Why Students Who Embrace Short-Term Failure Have a Better Shot at Long-Term Success
This post has been updated as of December 2017.
My students never know what to make of my “I hope you fail” lecture. After years of teachers asking for the right answers, they aren’t accustomed to someone highlighting or requesting the wrong ones.
Students’ failures tend to linger, creating mental baggage that interferes with learning. Lifting the burden requires us to address failure head-on and encourage students to accept it as a natural part of getting educated.
Here’s how teachers can help students see the benefits and advantages of making mistakes:
Don’t let ideas become precious
Student benchmarks have become more complicated, forcing students to transcend content knowledge and develop critical-thinking skills. This means more guessing, which can be intimidating for students.
In a discussion with Scientific American podcaster Steve Mirsky, Arizona State University physicist Lawrence Krauss recently pointed out that real-world problems are “not solvable exactly” and that students must be able to change the course of their thinking for a variety of reasons. The flexibility and the stick-to-it-iveness of facing failure head-on are fundamental to long-term student success.
While educators have to ensure that students have the right content and support to avoid chronic failure, it is just as important to embrace mistakes as an inevitable part of education. Adopting a “fail faster” attitude makes students more likely to do the difficult work we ask of them. Often, even their failures tell us something about their understanding.
Give students permission to get things wrong
Our culture is so focused on success or perfection that we miss the benefits of failure. To encourage students to accept failure as essential to progress, I share with them a decontextualized Samuel Becket quote: “Ever tried. Ever failed. No matter. Try again. Fail again. Fail better.”
I also show them a video on game design by Extra Credits that reinforces the “fail faster” ethos. Both the quote and the video help students see something really essential to education: We are going to mess up, and that’s OK.
In her piece “5-Minute Film Festival: Freedom to Fail Forward,” Edutopia author Amy Erin Borovoy compiled a set of videos and articles on the subject of failure. Paraphrasing John Dewey, Borovoy reminds readers that “a true thinker learns as much from failures as from successes.” Incorporating these short videos as monthly or weekly reminders can be a great way to start “how have we failed and what have we learned” discussions with students.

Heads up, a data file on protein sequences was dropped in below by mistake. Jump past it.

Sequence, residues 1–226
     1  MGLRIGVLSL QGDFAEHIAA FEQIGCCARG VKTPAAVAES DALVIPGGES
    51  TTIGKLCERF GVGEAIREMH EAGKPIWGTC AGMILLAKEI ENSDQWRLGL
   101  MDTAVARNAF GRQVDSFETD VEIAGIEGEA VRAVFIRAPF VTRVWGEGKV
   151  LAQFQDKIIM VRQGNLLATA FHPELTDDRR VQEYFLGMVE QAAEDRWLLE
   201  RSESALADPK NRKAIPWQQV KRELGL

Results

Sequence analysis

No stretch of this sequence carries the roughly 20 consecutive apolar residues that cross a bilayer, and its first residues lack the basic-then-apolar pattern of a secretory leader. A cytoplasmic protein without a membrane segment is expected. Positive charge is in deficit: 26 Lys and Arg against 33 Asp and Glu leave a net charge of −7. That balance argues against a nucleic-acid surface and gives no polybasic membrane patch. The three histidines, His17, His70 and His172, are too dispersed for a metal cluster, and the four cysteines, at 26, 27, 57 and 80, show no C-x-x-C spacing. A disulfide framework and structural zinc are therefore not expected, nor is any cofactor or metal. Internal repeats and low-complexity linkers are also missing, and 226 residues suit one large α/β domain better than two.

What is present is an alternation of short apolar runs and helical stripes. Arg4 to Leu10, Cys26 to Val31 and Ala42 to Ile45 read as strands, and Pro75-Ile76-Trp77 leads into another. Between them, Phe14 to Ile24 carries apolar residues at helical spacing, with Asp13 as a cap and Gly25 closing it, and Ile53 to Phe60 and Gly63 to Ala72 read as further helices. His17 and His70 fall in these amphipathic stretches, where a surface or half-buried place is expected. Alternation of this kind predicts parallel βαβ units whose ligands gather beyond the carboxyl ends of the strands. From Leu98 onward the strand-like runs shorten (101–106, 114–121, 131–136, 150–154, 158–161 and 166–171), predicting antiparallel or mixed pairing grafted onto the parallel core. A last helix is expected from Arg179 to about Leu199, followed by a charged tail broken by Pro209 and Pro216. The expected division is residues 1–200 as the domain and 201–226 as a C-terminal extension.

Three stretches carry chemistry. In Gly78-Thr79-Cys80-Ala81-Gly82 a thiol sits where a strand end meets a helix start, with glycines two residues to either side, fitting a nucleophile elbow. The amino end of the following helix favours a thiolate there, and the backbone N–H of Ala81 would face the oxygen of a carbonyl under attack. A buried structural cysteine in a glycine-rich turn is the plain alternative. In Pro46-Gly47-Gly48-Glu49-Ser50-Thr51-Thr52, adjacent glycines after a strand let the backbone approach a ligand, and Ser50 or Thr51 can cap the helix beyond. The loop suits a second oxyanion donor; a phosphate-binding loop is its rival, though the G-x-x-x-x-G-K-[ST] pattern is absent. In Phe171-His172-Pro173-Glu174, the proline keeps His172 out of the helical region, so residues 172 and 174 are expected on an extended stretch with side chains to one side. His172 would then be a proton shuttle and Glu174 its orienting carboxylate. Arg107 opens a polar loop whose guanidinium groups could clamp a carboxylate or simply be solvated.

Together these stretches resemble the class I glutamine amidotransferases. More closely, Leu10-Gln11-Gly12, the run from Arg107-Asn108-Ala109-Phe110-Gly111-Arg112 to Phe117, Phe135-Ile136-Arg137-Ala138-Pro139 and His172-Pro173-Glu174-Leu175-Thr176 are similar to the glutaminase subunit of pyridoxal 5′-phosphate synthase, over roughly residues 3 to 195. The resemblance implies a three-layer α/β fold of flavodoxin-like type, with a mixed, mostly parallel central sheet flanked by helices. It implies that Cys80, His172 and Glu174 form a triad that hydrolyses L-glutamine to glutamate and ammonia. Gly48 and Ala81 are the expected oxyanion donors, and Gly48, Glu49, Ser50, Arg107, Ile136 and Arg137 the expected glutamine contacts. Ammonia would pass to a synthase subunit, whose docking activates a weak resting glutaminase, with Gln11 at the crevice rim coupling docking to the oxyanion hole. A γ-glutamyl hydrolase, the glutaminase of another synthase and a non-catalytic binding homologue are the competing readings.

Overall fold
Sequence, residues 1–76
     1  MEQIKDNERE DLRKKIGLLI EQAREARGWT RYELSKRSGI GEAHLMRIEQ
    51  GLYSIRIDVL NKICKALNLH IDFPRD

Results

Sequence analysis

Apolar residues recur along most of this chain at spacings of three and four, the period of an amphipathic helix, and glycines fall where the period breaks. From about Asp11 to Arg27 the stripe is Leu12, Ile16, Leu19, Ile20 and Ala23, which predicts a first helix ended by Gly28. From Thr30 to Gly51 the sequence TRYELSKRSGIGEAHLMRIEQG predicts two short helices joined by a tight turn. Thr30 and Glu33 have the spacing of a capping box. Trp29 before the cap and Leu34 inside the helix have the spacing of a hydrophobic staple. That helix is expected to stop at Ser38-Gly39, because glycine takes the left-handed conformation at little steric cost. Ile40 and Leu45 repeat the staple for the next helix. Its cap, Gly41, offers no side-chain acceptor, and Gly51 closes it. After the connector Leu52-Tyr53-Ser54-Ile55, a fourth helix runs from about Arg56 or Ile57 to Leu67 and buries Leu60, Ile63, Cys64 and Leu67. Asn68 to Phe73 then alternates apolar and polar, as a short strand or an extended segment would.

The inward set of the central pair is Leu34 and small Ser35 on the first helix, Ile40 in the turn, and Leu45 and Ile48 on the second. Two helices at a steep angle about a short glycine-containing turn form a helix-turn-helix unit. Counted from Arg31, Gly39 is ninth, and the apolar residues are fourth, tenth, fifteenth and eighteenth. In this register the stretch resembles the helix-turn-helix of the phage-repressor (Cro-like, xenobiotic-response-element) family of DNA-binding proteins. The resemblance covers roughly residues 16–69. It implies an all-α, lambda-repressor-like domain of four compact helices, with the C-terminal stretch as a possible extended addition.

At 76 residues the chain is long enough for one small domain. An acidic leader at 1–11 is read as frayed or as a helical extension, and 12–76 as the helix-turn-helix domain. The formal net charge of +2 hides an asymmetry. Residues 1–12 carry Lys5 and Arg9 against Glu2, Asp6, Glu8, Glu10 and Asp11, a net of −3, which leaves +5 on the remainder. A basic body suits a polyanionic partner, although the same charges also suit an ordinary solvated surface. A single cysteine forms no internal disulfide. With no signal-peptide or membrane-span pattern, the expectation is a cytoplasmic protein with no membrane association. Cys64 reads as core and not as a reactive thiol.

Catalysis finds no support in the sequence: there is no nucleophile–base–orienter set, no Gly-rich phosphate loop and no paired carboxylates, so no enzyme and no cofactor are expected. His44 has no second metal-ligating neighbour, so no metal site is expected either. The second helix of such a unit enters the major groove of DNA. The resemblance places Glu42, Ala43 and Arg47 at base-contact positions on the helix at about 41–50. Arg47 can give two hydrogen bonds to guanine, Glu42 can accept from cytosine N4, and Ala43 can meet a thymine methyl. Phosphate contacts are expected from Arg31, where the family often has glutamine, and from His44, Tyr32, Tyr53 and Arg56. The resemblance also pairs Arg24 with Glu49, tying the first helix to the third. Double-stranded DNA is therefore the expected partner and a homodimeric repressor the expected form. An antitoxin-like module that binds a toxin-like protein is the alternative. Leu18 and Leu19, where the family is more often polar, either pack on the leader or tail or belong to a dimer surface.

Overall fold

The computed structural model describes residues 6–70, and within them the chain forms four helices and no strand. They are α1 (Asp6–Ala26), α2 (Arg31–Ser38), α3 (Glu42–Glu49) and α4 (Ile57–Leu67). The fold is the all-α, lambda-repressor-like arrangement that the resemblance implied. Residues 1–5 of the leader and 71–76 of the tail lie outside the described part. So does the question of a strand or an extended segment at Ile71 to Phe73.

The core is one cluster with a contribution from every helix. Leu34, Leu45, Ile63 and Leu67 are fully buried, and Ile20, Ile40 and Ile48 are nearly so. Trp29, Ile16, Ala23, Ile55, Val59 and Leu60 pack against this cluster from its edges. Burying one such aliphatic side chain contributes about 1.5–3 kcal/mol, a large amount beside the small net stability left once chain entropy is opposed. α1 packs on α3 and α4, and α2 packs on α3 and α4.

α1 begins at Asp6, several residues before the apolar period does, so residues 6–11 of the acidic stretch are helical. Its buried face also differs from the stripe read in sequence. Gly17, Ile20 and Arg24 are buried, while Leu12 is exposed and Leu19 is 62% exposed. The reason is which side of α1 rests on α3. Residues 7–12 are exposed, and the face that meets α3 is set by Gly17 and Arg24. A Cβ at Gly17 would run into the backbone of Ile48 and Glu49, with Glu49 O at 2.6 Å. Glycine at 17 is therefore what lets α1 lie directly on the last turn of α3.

Make failure another chance to get it right
Using a technique called “Effective Failure,” educators can work failing faster into the classroom. In my writing class, I often ask students to volunteer samples of their best or worst writing. This lets writers illustrate their understanding that a sentence, transition, word choice, or paragraph construction has failed, and it inspires a sincere interest in better writing. An astronomy instructor I work with asks students questions and then, in small groups, has them explain their thinking to their group, saying, “Explain your answer to your neighbor and try to convince them you’re right.”
In this exercise, each student at the table becomes an expert hashing out truth. Then the teacher asks students to share their answers. These answers, especially the wrong ones, help her identify student misunderstandings and clear them up immediately.
Incorporating failure into class design prevents students from being too afraid to answer. It also ensures they aren’t more invested in being right than understanding the problems they’re trying to solve.
Take a few risks
Students who integrate mistakes into the educational process are prepared for the feedback that helps them grow. A classroom that thinks this way provides an additional bonus for teachers: Once unleashed from our own struggle for perfection, we can take risks ourselves. In fact, we must take risks, get feedback and be ready to incorporate failure.
Students are not the only ones who can learn from their mistakes.
Monica Fuglei is a graduate of the University of Nebraska in Omaha and a current faculty member of Arapahoe Community College in Colorado, where she teaches composition and creative writing.